Abbott v. Craven

No. 07-35868 | 9th Cir. | Mar 26, 2009


Dennis E. Abbott appeals pro se from the district court’s summary judgment dismissing his 42 U.S.C. § 1983 action in which Abbott claimed that members of the Idaho Commission of Pardons and Parole improperly increased the duration of his sentence, violated his due process rights, and violated the Ex Post Facto Clause by requiring him to complete sex-offender treatment as a prerequisite to parole eligibility. We have jurisdiction under 28 U.S.C. § 1291. We review de novo summary judgment and the determination that a complaint fails to state a claim, Barnett v. Centoni, 31 F.3d 813" court="9th Cir." date_filed="1994-07-27" href="" opinion_id="675817">31 F.3d 813, 815 (9th Cir.1994) (per curiam), and we affirm.

Abbott’s challenges to his re-sentencing in 1986 and the denial of parole are barred by Heck v. Humphrey, 512 U.S. 477" court="SCOTUS" date_filed="1994-06-24" href="" opinion_id="117864">512 U.S. 477, 486-87, 114 S. Ct. 2364" court="SCOTUS" date_filed="1994-06-24" href="" opinion_id="117864">114 S.Ct. 2364, 129 L.Ed.2d 383 (1994) (holding “that, in order to recover damages for allegedly unconstitutional conviction or imprisonment, or for other harm caused by actions whose unlawfulness would render a conviction or sentence invalid, a § 1983 plaintiff must prove that the conviction or sentence has been reversed on direct appeal, expunged by executive order, declared invalid by a state tribunal authorized to make such determination, or called into question by a federal court’s issuance of a writ of habeas corpus”).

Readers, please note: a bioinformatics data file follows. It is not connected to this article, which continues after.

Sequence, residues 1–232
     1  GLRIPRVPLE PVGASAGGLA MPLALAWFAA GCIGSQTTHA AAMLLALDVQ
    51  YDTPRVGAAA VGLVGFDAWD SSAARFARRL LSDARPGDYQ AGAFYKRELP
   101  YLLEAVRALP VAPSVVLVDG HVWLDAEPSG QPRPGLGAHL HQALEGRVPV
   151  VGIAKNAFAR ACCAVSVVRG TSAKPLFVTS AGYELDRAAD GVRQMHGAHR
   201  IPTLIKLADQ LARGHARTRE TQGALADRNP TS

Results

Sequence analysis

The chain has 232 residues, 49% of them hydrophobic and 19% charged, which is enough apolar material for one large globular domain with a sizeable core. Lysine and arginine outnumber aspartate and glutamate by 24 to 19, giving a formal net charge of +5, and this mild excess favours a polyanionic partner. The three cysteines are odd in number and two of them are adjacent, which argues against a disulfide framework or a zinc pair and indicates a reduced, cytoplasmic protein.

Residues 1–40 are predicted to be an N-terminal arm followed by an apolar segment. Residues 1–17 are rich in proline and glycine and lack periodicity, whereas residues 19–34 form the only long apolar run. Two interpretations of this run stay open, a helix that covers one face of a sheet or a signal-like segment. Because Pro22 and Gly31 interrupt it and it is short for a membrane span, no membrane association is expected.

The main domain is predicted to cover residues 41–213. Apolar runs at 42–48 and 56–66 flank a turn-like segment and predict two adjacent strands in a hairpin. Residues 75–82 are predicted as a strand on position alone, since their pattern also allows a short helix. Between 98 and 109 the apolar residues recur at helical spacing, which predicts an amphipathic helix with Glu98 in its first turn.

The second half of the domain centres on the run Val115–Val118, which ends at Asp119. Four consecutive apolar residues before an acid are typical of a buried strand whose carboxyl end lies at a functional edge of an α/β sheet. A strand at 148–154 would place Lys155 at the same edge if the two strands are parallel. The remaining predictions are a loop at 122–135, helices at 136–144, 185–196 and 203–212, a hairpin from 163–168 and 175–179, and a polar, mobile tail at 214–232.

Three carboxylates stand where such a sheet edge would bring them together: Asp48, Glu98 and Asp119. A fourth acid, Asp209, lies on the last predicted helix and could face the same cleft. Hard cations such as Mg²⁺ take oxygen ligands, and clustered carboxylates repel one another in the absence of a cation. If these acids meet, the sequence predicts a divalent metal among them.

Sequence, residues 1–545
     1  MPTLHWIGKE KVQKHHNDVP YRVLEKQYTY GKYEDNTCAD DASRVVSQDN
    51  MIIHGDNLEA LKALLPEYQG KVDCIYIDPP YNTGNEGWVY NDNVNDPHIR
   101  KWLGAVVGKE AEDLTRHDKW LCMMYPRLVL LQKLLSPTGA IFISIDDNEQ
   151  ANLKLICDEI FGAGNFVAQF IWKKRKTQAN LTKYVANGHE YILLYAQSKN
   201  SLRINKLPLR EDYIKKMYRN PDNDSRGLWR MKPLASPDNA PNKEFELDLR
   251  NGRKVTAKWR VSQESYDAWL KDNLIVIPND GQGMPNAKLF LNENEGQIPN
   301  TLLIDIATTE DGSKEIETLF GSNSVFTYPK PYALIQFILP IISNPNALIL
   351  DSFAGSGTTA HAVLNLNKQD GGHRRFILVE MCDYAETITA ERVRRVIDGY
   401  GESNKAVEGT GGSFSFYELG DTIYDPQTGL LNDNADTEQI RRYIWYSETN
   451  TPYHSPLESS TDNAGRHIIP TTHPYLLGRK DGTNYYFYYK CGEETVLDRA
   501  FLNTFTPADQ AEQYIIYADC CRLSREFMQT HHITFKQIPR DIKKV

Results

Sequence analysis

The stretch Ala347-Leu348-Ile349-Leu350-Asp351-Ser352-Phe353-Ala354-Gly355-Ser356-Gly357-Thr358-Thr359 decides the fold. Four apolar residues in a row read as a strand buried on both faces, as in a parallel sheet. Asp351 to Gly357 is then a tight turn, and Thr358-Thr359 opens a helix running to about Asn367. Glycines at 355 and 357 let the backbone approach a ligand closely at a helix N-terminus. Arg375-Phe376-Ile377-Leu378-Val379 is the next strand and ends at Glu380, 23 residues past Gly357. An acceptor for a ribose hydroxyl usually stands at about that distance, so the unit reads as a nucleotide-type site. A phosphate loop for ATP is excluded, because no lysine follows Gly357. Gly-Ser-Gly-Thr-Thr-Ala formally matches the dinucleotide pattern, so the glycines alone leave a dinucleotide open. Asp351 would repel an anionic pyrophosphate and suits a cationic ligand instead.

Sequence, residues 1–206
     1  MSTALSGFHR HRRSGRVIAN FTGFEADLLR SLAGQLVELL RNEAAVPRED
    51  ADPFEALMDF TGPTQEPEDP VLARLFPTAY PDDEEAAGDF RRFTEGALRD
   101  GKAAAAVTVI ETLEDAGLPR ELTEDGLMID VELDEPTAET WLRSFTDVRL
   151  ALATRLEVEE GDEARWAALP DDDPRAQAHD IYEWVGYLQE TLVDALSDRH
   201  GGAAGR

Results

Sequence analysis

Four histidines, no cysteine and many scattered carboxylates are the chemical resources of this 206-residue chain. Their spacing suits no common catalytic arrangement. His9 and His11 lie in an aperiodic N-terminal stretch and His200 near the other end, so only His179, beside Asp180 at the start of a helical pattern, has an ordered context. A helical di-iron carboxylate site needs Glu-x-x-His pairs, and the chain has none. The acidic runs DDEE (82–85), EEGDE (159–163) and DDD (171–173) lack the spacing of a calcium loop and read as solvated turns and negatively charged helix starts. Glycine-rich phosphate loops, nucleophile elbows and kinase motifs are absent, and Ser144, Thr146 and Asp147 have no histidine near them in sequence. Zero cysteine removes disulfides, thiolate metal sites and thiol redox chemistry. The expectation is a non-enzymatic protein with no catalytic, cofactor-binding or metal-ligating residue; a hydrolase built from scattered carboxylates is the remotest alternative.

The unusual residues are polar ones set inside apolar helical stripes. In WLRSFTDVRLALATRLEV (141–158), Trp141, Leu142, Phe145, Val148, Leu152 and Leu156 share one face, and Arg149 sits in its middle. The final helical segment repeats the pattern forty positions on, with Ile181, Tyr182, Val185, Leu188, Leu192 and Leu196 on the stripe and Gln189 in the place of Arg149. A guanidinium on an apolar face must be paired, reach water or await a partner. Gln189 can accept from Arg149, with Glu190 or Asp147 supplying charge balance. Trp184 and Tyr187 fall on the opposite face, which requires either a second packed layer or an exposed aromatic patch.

Abbott’s Ex Post Facto contention fails under Neal v. Shimoda, 131 F.3d 818" court="9th Cir." date_filed="1997-12-11" href="" opinion_id="749366">131 F.3d 818, 827 (9th Cir.1997) (“Mandatory treatment programs following an inmate’s classification as a sex offender based on conduct which occurred prior to the program’s beginning do not violate the Ex Post Facto Clause.”).

Abbott’s due process contention fails because he must show a state-created liberty interest, see Board of Pardons v. Allen, 482 U.S. 369" court="SCOTUS" date_filed="1987-06-09" href="" opinion_id="111914">482 U.S. 369, 374-75, 107 S. Ct. 2415" court="SCOTUS" date_filed="1987-06-09" href="" opinion_id="111914">107 S.Ct. 2415, 96 L.Ed.2d 303 (1987), and under Idaho law there is no such liberty interest in parole, Banks v. State, 128 Idaho 886, 920 P.2d 905" court="Idaho" date_filed="1996-06-27" href="" opinion_id="1205620">920 P.2d 905, 908 (1996).

The order to show cause regarding possible mootness is discharged.


This disposition is not appropriate for publication and is not precedent except as provided by 9th Cir. R. 36-3.